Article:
Spurred by deals with high-profile talker Howard Stern and talk show goddess Oprah Winfrey, along with deep price cuts in satellite radio receivers, Sirius Satellite Radio and rival XM Satellite Radio are writing a new chapter in the history of radio.
But it’s not at all clear how this chapter will end.
The optimists point out that the two rapidly growing companies have a combined customer base approaching 10 million subscribers, each paying about $150 a year to hear hundreds of commercial-free music channels, as well as sports, talk and lifestyle programming.
But the half-empty types point to the fact that each company has lost more than $2 billion over the past four years, as they spent heavily to add programming, promote their brands and subsidize the cost of the receivers sold to new customers. On Thursday, XM, the bigger of the two players, said that losses widened in the fourth quarter to $270 million. Sirius, which reports fourth results Friday, is expected to report losses of more than $290 million. Neither company is expected to turn a profit for at least several more years.
Meanwhile, new competitors are coming down the pike, as wireless broadband Internet service begins to take hold. Cell phones, MP3 players and Web-based radio may soon converge on cheaper, more powerful portable handsets. And Auto makers are busy working to develop wireless broadband services for your car.
So the question both companies face is: How long can we afford to continue to lose money? The answer to that question has sparked a high-level corporate battle at XM that resulted in the departure Thursday of a company board member, who warned of "a significant chance of a crisis on the horizon."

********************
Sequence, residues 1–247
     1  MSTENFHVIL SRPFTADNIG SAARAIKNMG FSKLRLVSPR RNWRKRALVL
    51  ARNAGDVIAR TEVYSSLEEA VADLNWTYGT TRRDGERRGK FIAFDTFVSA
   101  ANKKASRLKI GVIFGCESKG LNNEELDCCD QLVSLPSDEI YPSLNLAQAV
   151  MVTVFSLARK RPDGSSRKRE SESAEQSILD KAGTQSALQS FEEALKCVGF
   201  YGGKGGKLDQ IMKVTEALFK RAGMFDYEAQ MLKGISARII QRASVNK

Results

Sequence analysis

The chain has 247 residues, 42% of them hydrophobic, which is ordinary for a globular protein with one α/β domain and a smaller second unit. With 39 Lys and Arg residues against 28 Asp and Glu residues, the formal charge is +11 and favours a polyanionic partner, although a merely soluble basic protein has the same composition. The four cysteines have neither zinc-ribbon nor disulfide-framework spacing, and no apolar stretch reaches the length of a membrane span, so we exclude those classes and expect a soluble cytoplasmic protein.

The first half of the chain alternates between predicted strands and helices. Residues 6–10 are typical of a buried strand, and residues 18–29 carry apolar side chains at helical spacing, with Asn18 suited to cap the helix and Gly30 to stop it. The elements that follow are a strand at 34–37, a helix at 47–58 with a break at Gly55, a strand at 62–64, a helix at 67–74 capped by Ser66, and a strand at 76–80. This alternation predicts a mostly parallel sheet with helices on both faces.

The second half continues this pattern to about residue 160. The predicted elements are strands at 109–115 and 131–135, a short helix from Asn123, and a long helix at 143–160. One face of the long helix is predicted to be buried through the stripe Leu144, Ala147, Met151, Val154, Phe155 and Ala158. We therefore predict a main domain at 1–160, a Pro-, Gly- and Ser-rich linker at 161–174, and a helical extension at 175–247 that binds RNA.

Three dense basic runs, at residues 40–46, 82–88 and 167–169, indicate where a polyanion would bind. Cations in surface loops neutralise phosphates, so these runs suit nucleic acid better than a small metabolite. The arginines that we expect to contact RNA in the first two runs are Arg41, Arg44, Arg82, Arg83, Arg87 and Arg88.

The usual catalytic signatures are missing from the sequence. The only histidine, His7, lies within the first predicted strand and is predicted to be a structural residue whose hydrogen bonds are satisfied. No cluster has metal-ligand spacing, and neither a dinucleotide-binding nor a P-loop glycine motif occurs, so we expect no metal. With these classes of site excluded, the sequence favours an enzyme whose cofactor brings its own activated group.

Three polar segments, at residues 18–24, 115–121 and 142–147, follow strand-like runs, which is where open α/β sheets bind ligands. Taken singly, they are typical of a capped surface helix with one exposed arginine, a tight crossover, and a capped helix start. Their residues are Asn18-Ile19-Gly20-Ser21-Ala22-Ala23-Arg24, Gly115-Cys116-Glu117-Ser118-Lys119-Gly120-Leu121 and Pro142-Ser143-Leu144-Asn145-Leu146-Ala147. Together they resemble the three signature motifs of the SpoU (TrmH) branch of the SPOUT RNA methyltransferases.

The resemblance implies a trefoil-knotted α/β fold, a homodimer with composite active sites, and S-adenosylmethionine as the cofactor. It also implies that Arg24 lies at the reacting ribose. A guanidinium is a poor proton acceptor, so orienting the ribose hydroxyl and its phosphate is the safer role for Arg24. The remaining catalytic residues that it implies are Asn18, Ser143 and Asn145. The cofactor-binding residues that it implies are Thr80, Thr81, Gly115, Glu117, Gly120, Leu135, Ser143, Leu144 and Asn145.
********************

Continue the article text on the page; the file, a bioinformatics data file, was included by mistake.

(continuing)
By any standard, satellite radio’s growth so far has been meteoric. From a modest base of a few hundred thousands subscribers three years ago, XM now boasts about 6 million customers, about twice as many as rival Sirius. Spurred by steep cuts in the price of receivers — now selling for as little as $30 to $50 — subscriber growth exploded last year. Some analysts predict the market will hit 40 million in four years.
“This is a razors-and-blades business,” said Craig Moffett, an analyst with Sanford C. Bernstein. “Discounting of radios is one of the obvious levels they've got to stimulate subscription demand, because over the long term that's where they make their money.”
Because so much radio listening takes place in cars, both Sirius and XM have made exclusive deals with automakers to offer their receivers in new cars. XM has locked up General Motors, which plans to install 1.5 million XM radios in new cars this year. XM has made similar deals with Toyota, Nissan, and Hyundai. Sirius, will have its receivers installed in new Ford and DaimlerChrysler vehicles.
But the big draw is programming, and both XM and Sirius have invested heavily to give subscribers plenty of choice. Each service offers subscribers more than 60 music channels, without interruptions from commercials (or, in some cases, from DJs) and dozens more channels of talk, news, sports, traffic and weather. Sirius has signed a $220 million deal to carry National Football League games; XM paid $650 million for Major League Baseball.